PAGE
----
On Monday, President Obama gave a fairly uncontroversial speech at the National Conference on Mental Health about removing the stigma surrounding mental illness, including depression, and imploring those who need help to seek treatment.
Neil Munro of The Daily Caller, however, saw something more sinister. President Obama was urging "depressed, stressed, and disturbed Americans to depend on the U.S. government's growing corps of taxpayer-funded mental health professionals."
There are other ways to treat "anxiety" and "depression," as Munro wrote in scare quotes. Like, well, doing nothing, medically speaking:
Americans have typically responded to stress and sadness by urging stoicism, hard work, marriage, prayer, and personal initiative, and by stigmatizing unemployment and passivity.
The industry's professionals have long opposed those traditional responses, urged greater federal funding of their industry and sought to reverse public stigma against the use of their services. [The Daily Caller]
The idea of a doctor prescribing a dose of stoicism and an Our Father to those suffering from mental illness didn't sit too well with some people, including Jesse Berney, who wrote in Salon that questioning the legitimacy of disorders like depression could have serious consequences:
His depictions of depression and anxiety are genuinely malicious. He puts them in direct opposition to classic American values: hard work, marriage, and initiative, and conflates them with "unemployment" and "passivity." The message is clear: depression isn't real, and if you think you have it, it's entirely your fault. Munro's schoolyard bullying isn't just nasty and petty. It's dangerous. [Salon]
The dangers of ignoring these issues were highlighted by none other than the NRA's Wayne LaPierre, who blamed the "completely cracked mentally ill system," along with the lack of armed school staff, for mass shootings like the one at Sandy Hook Elementary.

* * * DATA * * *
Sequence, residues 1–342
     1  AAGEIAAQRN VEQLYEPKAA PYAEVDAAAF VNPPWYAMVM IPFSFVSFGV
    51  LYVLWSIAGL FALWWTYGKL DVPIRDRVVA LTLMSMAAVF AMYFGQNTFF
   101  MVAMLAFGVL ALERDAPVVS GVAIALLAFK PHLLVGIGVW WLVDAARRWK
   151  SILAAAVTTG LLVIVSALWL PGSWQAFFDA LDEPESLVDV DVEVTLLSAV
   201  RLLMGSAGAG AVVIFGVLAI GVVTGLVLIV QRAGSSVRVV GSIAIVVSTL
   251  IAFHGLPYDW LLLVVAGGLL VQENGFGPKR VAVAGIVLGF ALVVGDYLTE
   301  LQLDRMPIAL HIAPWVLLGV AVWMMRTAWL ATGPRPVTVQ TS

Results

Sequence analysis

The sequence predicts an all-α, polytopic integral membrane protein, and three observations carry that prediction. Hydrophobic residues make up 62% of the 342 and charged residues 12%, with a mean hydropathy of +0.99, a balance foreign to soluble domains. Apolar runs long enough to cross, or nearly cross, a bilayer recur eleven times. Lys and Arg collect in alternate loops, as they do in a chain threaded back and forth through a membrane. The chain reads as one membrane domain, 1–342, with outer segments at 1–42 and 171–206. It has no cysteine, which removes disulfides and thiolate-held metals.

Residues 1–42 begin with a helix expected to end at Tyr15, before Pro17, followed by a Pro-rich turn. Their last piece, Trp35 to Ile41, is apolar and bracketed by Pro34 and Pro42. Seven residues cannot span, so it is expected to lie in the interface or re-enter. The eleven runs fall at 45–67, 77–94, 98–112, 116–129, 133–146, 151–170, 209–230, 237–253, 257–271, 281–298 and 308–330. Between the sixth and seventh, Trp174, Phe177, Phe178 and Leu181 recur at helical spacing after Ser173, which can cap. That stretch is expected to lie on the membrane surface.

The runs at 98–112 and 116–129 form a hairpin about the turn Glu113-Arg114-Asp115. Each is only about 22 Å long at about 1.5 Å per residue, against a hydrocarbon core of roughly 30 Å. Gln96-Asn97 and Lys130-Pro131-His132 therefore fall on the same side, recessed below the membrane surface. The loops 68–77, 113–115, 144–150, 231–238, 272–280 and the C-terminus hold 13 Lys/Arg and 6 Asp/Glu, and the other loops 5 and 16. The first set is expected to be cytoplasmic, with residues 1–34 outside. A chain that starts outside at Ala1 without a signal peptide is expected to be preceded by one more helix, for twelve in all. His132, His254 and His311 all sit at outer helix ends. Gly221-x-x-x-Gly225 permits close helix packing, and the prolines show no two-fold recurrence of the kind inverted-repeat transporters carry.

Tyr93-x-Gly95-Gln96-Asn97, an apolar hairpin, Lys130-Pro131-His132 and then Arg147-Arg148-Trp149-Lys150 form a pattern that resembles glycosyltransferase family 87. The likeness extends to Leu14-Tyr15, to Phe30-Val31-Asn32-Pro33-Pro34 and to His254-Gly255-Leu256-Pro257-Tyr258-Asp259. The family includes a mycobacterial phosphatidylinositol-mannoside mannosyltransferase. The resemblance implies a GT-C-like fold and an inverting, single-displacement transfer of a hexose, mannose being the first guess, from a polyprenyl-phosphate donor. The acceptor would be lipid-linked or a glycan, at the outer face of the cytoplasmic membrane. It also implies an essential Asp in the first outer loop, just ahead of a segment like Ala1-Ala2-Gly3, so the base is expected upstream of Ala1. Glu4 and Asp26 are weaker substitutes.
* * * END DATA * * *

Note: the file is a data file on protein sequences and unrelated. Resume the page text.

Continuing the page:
And mass shooting deaths pale in comparison with suicide deaths, which in 2009 outpaced auto fatalities. "Suicide is the culmination of many complex forces," Namratha Kandula, an assistant professor of medicine at Northwestern University, wrote at CNN. "But it is often preceded by mental illness that could have been treated."
The Affordable Care Act, which is supposed to expand mental health services to more than 62 million Americans, is the main target of Munro's ire. Still, dismissing depression in the process of criticizing Big Government could do real damage, argued Berney.
While many people recognize depression as a legitimate disorder, "there are people, probably including many of Munro's readers, who don't," Berney wrote. "Some of them need help. And there's a decent chance that some won't seek out the help they need because they believe what Munro wrote."
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